Andy Lee faces biggest fight of career in bid to retain belt
World champion faces unbeaten American Peter Quillin in his first title defence
Andy Lee in action against Matt Korobov during their fight for a vacant WBO middleweight title belt in Las Vegas last December. Photograph: David Becker/Getty Images
Andy Lee hopes to take a step closer towards his stated aim of staging a world title fight in Thomond Park when he takes on unbeaten former champion Peter Quillin in New York on Saturday night.
It’s a realistic proposition as there has never been dispute about Lee’s technical ability. More recently his trainer Andy Booth has worked hard to add to the long-range, counter-punching abilities Lee honed under the educated eye of his previous coach, Emanuel Steward.
Lee brought in Booth after Steward died in 2012, and while Lee will always remain deeply grateful to his former mentor, the Limerick southpaw has benefited from Booth’s new pair of eyes as he faces into the first defence of the WBO title he won last year.
Lee can land hard with both hands and has brought a bit of the dog into his repertoire. At over six feet, he’s a tall boxer for the middleweight division and his reach and height has always been an asset.
Booth has given him more power and Lee has become comfortable fighting at close range with his long levers. Four of his last five bouts have been knockouts or TKOs.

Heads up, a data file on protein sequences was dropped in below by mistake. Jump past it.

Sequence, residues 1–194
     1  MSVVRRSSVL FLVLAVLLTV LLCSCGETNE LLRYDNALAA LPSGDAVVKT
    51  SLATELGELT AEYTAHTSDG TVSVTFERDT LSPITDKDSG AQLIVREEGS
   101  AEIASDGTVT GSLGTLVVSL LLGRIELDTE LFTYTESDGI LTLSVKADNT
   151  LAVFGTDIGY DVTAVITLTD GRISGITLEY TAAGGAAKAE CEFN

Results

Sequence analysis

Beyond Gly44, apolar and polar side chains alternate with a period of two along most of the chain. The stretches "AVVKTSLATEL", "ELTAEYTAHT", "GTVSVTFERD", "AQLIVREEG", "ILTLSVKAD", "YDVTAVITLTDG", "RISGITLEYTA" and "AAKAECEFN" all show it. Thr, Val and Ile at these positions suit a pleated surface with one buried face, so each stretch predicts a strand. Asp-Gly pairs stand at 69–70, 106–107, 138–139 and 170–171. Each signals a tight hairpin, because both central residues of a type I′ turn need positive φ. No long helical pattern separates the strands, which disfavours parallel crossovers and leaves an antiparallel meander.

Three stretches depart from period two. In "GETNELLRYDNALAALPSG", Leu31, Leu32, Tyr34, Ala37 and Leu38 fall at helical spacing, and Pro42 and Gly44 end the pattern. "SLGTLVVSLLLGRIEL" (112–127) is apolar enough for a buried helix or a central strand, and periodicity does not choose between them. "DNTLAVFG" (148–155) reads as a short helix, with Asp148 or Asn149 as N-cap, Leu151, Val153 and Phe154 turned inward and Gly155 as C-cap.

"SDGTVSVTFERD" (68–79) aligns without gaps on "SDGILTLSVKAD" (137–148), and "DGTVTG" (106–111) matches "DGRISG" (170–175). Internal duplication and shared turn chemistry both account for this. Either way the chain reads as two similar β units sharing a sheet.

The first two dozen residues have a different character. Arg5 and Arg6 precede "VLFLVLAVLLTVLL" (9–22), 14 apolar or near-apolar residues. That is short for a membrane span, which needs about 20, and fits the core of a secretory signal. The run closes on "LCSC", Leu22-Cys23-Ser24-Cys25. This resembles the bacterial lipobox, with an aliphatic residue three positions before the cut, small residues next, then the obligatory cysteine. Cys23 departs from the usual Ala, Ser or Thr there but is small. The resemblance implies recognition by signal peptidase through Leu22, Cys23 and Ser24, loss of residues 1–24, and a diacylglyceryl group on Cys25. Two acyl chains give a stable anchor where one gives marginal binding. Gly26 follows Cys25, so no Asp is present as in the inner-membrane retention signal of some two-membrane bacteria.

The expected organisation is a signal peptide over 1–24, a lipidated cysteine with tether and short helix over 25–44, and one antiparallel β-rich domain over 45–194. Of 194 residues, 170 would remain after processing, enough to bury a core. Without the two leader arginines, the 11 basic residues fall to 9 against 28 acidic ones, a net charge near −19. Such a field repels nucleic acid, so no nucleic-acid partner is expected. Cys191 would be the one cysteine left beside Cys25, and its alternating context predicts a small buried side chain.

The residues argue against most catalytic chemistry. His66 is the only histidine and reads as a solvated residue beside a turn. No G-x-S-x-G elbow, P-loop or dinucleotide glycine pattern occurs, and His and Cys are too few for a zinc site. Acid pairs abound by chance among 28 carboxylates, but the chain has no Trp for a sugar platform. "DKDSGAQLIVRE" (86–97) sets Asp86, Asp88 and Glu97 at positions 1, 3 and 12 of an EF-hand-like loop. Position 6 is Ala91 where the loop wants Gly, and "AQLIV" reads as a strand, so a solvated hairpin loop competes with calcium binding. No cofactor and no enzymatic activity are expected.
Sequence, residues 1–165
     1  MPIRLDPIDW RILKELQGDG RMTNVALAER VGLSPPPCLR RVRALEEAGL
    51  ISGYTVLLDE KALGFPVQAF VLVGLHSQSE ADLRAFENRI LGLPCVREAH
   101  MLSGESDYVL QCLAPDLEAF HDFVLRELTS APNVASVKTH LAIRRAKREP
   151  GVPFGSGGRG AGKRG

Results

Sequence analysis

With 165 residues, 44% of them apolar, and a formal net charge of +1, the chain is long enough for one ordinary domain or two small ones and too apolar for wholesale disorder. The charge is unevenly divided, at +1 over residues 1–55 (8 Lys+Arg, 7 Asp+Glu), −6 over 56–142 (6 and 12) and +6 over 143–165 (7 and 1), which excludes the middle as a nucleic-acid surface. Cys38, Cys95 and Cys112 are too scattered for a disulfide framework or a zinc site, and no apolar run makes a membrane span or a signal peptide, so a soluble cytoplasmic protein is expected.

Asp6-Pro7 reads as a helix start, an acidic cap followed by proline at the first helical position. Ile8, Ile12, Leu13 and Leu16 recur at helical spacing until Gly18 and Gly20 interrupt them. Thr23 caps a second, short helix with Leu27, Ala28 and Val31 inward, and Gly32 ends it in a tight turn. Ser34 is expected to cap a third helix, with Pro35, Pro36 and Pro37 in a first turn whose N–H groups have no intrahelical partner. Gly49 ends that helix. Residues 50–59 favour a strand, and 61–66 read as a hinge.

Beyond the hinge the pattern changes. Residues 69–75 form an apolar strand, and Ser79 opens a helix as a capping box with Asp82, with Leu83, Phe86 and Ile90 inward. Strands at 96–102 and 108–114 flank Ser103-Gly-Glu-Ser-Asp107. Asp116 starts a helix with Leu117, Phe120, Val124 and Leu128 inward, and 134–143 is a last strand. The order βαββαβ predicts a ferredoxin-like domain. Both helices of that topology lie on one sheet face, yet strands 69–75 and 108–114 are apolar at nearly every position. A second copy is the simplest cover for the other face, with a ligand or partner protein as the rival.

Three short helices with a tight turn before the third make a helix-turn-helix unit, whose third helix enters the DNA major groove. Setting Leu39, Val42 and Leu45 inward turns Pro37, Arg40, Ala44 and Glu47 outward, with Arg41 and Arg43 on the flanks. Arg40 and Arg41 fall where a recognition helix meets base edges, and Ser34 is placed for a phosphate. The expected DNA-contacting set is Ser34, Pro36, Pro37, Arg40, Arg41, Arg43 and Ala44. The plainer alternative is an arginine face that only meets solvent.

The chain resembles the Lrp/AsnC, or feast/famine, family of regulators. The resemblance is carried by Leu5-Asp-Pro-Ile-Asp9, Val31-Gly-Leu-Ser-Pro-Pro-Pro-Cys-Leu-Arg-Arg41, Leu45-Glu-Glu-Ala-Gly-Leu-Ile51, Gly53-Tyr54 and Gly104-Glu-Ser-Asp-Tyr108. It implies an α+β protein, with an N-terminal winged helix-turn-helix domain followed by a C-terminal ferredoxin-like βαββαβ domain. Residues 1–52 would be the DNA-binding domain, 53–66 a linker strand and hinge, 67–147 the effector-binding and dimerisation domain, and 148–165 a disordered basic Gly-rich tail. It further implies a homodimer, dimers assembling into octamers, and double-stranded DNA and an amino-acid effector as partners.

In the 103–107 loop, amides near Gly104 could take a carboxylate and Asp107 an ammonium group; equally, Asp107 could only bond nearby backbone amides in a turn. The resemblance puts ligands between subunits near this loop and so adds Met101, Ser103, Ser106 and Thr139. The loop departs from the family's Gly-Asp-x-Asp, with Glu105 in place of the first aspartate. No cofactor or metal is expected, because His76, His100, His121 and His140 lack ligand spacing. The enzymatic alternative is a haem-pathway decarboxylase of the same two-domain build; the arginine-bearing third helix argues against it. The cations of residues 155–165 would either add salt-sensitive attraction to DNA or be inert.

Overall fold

But Lee is also a smart fighter and has only lost twice in his career. His last defeat was in June 2012 to Julio Chavez junior, who was big for the division and has since moved up to super middleweight.
Lee lost to a TKO in the seventh round, and it was in the same round that the Irishman succumbed to Brian Vera in 2008, a TKO in the seventh after Lee had Vera on the canvas in the first round.
He knows himself that Quillin is a well-matched opponent. As a New York resident, although one who took off to live in California to work under the influential eye of multiple world title-winning trainer Freddie Roach, he will, just like Lee, have support in the Barclay’s Centre in Brooklyn.
Quillin has various been described at 6’1’’ and 5’11’’, with the reputable BoxRec going with the lower figure. But Lee has taken some delight in pointing out that Quillin’s last fight against Lukas Konecny was in April 2014.
Quillin was then ranked 4th best middleweight in the world by Ring Magazine, while it was the unranked Konecny’s first fight outside of Europe. Quillin won it by unanimous decision.
The 30-year-old Lee can thank rap artist and squeeze of Beyonce, Jay-Z, for Quillin vacating the title last September. His management company didn’t want to get into bed with Jay-Z’s RocNation, which won the purse bid for the fight against Matt Korobov.
Quillin stepped out and Lee stepped in. Now Lee, not Quillin or Korobov, is defending the belt, with Quillin a touch short on ring action as a consequence. “I’m an animal and confident in myself,” said Quillin. “All I have to do is do what I have for 31 fights, be the explosive boxer I am.”
Lee is primed for both a cagey contest as well as one that will occasionally or frequently explode into life. It’s in those exchanges where it will be won or lost. Korobov found that out to his cost.